As the COVID-19 crisis continues to develop around the world, one thing has become abundantly clear. The world after the virus has passed will be fundamentally different in many ways from the world we knew before infection rates and death tolls became a familiar part of our television screens.
One of the first industries to receive a near knock-out blow, as it became clear that public gatherings were now a danger to society, was the restaurant industry. Dining rooms were closed, workers were laid off, and owners were left with a suddenly obsolete service model and no way to pay the rent and utilities for the foreseeable future.
What happened (and continues to happen) since is a real-time tutorial in adaptation. Delivery and takeout quickly became the norm, and not just for fast food. Techniques and procedures were developed and refined to ensure food could be exchanged as safely and in as sanitary a manner as possible. “Contactless Delivery” was suddenly a thing, and it’s what everyone wanted.
As accustomed as we may come to this level of change, the fact is that, eventually, we’ll find our way into the post-COVID world in which people are no longer locked into their homes, and the “out” will be returned to “dining out.” But will the dining universe simply return to life as it was before the virus? It seems unlikely. Let’s explore some of the ways in which the restaurant industry is likely to have evolved as a result of COVID-19.
Cleanliness is next to everything
In a post-COVID world, it’s safe to say that even those who never gave such things a second thought in the past will have evolved into confirmed germaphobes. If they’re not convinced that your establishment is clean and sanitized, they’re simply going to eat somewhere else. Whereas restaurants with too many health code violations have always been closed, and their trespasses laid bare to the general public, the post-virus public will not be so willing to wait that long to find out about those who fail to comply with sanitary standards.
This may result in increased government regulation and inspection. Cleanliness and compliance scores may be made more readily available to the public. Online rating sites like Yelp will become much more focussed on cleanliness than ever before.
You’ll want to keep things clean, and you’ll want the public to SEE you keeping things clean. In addition to that, there are also a multitude of other sanitary measures that may be taken to make it clear to customers that your priority is a sanitary dining experience. Some of these measures might include:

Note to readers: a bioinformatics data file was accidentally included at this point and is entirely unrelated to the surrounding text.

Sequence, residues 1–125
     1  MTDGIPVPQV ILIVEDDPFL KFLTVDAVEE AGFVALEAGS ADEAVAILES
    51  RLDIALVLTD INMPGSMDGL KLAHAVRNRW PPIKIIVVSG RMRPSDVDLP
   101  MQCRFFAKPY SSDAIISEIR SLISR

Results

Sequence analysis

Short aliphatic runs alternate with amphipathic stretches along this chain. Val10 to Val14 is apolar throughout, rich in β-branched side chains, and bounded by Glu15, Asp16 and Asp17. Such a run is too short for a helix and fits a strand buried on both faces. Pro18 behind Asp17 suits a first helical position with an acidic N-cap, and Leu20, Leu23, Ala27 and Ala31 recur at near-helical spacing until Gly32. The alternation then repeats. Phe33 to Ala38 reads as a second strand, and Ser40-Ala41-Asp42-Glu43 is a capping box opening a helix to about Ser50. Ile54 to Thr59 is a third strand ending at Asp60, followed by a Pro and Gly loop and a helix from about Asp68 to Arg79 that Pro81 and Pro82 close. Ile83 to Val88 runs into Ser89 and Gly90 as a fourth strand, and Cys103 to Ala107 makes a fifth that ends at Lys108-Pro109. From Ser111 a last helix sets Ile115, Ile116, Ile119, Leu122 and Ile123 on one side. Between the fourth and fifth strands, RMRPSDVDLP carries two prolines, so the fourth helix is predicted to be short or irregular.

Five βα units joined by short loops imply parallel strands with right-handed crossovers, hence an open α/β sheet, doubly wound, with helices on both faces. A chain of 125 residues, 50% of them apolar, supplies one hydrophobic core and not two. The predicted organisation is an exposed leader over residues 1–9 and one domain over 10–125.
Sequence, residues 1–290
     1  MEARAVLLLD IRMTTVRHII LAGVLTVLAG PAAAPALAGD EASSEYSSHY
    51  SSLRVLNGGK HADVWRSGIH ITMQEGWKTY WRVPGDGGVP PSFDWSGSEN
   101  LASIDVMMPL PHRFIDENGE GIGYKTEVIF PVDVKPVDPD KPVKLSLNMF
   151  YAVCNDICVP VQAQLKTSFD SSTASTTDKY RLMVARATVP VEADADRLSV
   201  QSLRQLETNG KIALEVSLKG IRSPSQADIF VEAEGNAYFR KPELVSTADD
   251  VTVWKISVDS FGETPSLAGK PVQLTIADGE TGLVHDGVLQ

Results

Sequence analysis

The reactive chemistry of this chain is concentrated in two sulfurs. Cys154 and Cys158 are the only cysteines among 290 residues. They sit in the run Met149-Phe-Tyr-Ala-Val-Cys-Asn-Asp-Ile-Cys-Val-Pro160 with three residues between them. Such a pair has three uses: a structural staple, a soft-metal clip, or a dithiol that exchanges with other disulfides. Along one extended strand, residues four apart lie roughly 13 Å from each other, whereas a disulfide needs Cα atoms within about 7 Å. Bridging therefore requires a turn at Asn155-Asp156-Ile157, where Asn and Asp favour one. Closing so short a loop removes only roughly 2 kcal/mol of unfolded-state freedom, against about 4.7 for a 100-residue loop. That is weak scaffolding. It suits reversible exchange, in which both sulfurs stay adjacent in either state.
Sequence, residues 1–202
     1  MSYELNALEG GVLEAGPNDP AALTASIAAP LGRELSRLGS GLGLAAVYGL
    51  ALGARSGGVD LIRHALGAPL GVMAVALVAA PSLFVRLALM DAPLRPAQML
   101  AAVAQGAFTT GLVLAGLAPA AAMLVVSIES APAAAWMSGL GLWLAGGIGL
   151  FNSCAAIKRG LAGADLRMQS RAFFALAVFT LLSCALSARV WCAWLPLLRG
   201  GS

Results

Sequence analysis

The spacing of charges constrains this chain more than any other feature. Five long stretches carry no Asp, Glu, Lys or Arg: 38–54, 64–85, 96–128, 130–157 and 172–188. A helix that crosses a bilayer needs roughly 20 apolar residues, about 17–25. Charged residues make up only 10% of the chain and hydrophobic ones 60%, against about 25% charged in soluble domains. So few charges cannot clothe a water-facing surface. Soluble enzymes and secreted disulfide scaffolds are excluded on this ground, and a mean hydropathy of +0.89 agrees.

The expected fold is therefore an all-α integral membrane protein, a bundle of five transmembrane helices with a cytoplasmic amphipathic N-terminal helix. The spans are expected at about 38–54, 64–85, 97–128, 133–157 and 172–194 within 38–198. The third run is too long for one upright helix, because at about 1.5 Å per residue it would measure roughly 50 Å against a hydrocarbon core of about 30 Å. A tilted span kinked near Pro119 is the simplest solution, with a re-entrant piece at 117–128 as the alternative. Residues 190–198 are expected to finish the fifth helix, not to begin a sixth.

- Cleaning of POS terminals between uses
- Keeping utensils, condiments, and napkins behind the counter to be distributed upon request
- Frequent use of hand sanitizer and a change of gloves after each customer interaction
- Cleaning of credit cards each time they change hands
- Easily accessible hand sanitizer stations for the use of customers
No detail is too small. The more obvious it is that cleanliness is priority one, the more comfortable your clientele and the better the chances that they’ll keep coming back for more.
Would you like that to go?
As mentioned above, takeout and delivery were, and continue to be, the closest thing to a savior that the restaurant industry can hope for during the COVID crisis, and this sudden growth of off-premises dining won’t go away any time soon when the crisis has ended. A contact-shy public is not going to rush back into the dining rooms as though nothing ever happened.
A recent Harris Poll finds that only 13% of the public are likely to resume eating out immediately upon reopening, 28% plan to return within 30 days, and 25% will wait two to three months. What does this mean? It means that simply reopening isn’t going to be a magical solution to the industry’s woes.
Convenient and efficient delivery and takeout service are not just a stop-gap offering. Get used to them now, because they’re going to remain status quo well beyond the final mention of COVID on the evening news. As difficult as it may be to offer radically new conveniences to the dining public, it’s even harder to take them away.
And, perhaps the biggest post-COVID change will involve alterations in the design and layout of dining rooms to accommodate new standards for social distancing.
It’s a change that will not only add to initial overhead, as rooms are perhaps broken up into smaller areas or barriers are erected to more effectively separate diners from each other. It will also decrease revenues as tables are removed to increase distancing, thus significantly reducing the earning capacity of the establishment.
Perhaps the uptick in delivery and takeout can help make up for that loss, or perhaps prices will have to be raised to compensate. But whatever the changes or consequences, it’s safe to say that the ability to adapt will remain a necessity for any restaurant that wants to survive in the new post-COVID world.